Canada has seen a dramatic increase in the numbers of mentally ill people entering the criminal justice system. In Canada and the United States, mental health courts were introduced in the late 1990s as a rehabilitative solution to traditional responses (such as incarceration) that had proven to be ineffective and detrimental to the mentally ill. Recognizing that the criminalization process was neither designed nor intended to address society’s responsibility to the mentally disordered individual, these courts have sought to reverse the misplaced responsibility for the provision of mental health care services.
The Death of a Butterfly explores the mental health court and its relationship with the mentally disordered accused from the perspective of Ontario Court Justice Richard D. Schneider. How do the courts consider the protection of the public while also subscribing to the basic principles of therapeutic jurisprudence? This and other related topics are discussed fully in this collection of vignettes, alongside in-depth accounts of cases tried in the Old City Hall courthouse in Toronto. The tales of life in the mental health court—which served as a vibrant setting for the award-winning CBC series This Is Wonderland—provide a compelling analysis of fitness to stand trial, what it means to be criminally responsible, and the role of mental disorders. Schneider’s honest depictions offer insight into the mentally disordered accused and the factors that place these accused in the justice system.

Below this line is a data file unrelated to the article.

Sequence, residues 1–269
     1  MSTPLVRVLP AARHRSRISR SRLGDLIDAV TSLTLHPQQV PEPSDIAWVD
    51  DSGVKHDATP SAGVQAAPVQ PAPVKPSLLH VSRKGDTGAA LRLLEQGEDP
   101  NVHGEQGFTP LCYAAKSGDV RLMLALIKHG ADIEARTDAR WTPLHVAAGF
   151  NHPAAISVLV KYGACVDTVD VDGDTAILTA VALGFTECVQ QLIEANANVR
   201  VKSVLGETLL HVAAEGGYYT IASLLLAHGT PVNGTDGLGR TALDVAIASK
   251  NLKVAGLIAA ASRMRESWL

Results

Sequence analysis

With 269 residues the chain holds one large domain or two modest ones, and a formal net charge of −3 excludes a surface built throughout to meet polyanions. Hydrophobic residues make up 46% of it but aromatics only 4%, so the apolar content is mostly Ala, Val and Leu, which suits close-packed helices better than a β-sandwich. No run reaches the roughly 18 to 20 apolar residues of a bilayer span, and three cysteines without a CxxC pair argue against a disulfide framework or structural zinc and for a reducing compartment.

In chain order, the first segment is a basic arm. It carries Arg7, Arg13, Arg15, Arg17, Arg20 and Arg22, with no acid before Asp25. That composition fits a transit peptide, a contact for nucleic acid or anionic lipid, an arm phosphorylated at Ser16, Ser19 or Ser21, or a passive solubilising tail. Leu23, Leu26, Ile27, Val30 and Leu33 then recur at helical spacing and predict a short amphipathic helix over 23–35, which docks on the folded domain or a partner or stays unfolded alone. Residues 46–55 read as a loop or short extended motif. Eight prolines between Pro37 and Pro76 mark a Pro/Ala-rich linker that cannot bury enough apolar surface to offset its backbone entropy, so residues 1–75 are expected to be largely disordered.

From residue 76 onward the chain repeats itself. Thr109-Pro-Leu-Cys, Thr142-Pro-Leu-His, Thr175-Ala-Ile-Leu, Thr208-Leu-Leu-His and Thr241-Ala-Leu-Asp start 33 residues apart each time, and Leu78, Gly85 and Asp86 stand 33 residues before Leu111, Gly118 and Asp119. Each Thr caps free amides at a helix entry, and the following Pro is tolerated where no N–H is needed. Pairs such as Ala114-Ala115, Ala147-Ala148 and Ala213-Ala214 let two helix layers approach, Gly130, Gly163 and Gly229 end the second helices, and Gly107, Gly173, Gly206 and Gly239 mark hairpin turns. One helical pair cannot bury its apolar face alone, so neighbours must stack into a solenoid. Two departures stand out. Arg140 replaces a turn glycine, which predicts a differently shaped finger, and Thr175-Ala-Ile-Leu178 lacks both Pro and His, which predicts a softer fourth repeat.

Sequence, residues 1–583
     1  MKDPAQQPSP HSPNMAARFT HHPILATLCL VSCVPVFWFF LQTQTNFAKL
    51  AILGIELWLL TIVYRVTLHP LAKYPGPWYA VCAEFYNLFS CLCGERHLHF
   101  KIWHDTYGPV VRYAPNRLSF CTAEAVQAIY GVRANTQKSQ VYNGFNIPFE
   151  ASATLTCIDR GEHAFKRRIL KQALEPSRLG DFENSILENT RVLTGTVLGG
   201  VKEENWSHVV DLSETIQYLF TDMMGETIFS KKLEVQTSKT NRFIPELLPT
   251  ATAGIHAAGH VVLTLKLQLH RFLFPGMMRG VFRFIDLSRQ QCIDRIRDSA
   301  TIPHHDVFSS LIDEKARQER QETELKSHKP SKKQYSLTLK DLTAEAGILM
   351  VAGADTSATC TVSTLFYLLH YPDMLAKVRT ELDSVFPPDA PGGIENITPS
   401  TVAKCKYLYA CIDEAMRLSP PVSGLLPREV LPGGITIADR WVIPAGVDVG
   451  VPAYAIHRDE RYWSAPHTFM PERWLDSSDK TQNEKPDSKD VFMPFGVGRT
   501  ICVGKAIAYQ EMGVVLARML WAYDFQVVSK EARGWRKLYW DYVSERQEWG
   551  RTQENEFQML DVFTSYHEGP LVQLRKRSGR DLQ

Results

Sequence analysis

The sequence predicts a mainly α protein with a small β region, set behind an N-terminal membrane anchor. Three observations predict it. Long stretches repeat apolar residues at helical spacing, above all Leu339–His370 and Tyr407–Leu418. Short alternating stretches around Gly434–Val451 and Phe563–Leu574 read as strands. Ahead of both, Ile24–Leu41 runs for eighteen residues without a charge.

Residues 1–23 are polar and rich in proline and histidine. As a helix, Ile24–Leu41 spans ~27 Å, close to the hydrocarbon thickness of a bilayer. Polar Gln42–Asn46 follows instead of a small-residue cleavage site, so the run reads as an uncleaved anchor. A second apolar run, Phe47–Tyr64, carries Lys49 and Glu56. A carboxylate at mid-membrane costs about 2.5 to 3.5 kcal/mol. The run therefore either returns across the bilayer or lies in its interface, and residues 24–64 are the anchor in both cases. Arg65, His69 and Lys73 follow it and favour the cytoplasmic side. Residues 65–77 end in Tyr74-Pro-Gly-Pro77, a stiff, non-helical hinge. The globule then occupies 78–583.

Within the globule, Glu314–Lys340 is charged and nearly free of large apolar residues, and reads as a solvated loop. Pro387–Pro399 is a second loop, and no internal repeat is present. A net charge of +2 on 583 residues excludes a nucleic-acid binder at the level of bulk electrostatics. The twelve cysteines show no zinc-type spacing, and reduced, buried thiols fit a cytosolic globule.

Table of Contents:
Chapter 1: History
Chapter 2: Fitness to Stand Trial
Chapter 3: Not Criminally Responsible and the Role of Schizophrenia
Chapter 4: What It Means to Be “Unfit to Stand Trial”
Chapter 5: Conclusion
About the Author:
Hon. Richard D. Schneider, PhD, LLM, CPsych, is a justice of the Ontario Court of Justice, a deputy judge of the Territorial Court of the Yukon, chair of the Ontario Review Board, and an alternate chair of the Nunavut Review Board. He is also an adjunct professor in the faculties of law and medicine at the University of Toronto. Prior to his appointment to the bench, Justice Schneider was a criminal defence lawyer, a clinical psychologist, and counsel to the Ontario Review Board. He has published extensively in the area of mental disorder and the law.